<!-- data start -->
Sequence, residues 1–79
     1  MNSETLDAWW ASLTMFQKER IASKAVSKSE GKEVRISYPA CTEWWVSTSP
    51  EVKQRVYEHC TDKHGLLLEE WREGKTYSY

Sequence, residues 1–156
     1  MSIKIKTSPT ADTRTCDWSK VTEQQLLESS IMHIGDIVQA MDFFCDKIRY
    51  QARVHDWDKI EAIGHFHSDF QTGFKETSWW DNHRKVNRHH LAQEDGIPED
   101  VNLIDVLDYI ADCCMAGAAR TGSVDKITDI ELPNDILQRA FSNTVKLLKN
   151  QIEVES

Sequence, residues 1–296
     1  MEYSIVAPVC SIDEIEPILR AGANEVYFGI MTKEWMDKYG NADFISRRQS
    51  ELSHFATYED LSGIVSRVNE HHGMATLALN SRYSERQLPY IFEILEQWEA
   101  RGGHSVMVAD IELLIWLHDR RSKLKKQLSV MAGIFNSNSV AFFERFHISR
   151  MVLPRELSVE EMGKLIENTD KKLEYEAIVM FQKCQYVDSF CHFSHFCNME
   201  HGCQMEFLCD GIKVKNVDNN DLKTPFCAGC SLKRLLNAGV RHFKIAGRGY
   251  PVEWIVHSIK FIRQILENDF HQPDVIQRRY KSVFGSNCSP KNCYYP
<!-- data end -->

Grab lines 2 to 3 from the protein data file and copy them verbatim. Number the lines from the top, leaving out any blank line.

     1  MNSETLDAWW ASLTMFQKER IASKAVSKSE GKEVRISYPA CTEWWVSTSP
    51  EVKQRVYEHC TDKHGLLLEE WREGKTYSY